# How $\Gamma(N)$ is contained in $\Gamma_1(N)$?

The following is from the book Modular Forms by W Stein:

By the very same book "a congruence subgroup is a subgroup of $$SL_2(\mathbb{Z})$$ that contains $$\Gamma(N)$$ for some $$N$$". So $$\Gamma(N)$$ must be of the form: So how $$\Gamma(N)$$ is contained in $$\Gamma_1(N)$$ when $$a \equiv d \equiv 1$$? (it must be $$a \equiv d \equiv 0$$)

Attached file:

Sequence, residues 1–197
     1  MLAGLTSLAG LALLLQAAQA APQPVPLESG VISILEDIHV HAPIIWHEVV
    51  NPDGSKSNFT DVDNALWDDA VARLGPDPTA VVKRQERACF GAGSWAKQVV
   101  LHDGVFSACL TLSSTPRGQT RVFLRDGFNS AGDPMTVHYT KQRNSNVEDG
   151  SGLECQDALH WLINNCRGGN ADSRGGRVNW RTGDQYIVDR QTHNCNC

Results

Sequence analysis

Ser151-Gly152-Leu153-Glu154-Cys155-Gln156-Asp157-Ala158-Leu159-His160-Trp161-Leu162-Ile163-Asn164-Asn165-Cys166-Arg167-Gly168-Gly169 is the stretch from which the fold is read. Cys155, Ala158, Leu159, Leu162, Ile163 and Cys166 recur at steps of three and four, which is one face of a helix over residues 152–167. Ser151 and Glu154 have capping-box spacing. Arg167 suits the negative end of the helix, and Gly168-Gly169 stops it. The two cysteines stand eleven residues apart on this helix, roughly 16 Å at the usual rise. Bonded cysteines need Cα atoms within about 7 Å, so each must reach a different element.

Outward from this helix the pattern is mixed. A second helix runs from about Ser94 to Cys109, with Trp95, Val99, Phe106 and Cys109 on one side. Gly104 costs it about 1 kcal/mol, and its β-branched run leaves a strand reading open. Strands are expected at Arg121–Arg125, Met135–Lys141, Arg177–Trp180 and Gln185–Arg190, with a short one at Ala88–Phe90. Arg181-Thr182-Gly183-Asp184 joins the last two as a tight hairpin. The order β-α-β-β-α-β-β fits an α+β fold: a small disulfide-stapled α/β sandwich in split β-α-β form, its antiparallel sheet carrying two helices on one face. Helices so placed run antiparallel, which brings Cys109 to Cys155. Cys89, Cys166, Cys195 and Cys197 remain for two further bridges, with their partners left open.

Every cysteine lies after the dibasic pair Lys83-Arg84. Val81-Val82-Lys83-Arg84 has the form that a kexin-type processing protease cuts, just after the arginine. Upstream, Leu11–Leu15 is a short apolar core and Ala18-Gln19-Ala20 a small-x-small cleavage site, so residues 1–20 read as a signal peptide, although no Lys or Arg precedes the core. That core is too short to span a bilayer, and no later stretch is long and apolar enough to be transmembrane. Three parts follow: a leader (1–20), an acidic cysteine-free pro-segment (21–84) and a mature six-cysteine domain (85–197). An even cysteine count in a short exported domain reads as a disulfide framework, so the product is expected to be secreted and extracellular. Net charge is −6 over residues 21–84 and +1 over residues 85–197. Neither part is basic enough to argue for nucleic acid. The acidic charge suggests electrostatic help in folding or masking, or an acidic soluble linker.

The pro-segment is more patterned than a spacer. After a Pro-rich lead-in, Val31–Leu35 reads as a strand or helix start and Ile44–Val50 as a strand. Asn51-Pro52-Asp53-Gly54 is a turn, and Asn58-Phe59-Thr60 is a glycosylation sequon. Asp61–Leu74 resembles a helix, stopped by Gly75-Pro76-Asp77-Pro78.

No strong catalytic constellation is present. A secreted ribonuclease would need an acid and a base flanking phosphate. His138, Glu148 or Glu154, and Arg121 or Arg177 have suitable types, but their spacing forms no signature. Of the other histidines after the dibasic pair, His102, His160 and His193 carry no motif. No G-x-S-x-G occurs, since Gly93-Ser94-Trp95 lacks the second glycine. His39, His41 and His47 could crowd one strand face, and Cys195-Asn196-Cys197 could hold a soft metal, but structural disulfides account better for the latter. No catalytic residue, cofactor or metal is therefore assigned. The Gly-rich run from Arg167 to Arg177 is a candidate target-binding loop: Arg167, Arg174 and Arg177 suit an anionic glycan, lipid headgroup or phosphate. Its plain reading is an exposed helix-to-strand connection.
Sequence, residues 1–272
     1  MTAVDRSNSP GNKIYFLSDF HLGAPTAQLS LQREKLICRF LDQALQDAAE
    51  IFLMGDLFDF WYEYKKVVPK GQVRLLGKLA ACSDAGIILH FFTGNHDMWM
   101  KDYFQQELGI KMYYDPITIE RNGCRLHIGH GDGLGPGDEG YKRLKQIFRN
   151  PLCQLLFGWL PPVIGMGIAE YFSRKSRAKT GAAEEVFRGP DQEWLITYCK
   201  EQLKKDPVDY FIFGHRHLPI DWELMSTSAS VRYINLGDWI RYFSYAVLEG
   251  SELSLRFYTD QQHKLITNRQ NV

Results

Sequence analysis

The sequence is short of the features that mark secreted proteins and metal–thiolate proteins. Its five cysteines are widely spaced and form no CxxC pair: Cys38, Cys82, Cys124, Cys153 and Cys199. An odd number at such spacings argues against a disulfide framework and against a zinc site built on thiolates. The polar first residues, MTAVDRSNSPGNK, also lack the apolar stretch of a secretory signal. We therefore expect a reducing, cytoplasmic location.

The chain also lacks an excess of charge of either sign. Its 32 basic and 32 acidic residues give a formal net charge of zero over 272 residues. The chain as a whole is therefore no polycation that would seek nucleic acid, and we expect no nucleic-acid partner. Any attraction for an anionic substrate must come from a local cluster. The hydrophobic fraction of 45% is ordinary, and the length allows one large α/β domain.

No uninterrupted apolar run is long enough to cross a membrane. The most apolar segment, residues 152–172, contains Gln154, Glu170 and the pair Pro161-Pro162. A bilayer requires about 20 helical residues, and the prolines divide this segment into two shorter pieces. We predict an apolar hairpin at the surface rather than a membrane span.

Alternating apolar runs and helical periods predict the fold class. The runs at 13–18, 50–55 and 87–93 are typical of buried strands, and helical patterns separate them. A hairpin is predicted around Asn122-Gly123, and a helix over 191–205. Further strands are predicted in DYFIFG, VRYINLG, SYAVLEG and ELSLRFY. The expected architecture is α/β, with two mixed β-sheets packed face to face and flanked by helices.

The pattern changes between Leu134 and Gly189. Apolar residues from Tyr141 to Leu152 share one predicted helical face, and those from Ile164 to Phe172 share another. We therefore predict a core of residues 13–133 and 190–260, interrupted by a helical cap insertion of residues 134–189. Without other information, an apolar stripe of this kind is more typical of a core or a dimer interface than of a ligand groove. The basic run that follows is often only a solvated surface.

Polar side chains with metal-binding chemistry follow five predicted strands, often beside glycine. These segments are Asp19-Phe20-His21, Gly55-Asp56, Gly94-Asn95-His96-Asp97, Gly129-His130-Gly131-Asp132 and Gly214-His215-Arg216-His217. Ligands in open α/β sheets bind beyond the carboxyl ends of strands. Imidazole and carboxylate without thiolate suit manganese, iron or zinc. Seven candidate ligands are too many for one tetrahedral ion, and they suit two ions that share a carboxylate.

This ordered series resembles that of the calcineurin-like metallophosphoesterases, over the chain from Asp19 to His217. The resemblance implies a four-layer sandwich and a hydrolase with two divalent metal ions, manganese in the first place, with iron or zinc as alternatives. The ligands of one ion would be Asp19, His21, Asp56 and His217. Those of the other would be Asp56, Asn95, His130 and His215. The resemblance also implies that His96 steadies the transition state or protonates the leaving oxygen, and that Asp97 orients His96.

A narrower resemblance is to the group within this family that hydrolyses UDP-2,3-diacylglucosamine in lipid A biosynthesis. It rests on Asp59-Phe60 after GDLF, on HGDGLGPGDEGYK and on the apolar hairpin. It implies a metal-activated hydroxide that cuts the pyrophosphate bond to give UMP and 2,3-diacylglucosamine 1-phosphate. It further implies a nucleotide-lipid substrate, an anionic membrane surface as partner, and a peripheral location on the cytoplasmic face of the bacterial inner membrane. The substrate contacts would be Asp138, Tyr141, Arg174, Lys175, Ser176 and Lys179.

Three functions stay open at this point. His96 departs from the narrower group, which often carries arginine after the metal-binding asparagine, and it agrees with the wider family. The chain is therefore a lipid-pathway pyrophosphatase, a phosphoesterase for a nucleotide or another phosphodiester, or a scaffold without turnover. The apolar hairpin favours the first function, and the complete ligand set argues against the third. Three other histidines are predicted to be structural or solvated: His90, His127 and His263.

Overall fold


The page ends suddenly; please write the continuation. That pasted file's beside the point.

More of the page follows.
• What you wrote as the zero matrix should be the identity matrix. – RghtHndSd Nov 5 '18 at 2:20
• @RghtHndSd, isn't Γ(N) the kernel of $SL_2(\mathbb{Z})$ to $SL_2(\mathbb{Z/NZ})$ map so it id in mod N? – user231343 Nov 5 '18 at 2:24

The identity element of $$SL_2(\Bbb Z/n\Bbb Z)$$ is the identity matrix $$\begin{pmatrix}1&0\\0&1\end{pmatrix}$$. Note that the zero matrix is not even an element of $$SL_2(\Bbb Z/n\Bbb Z)$$, because it has determinant zero.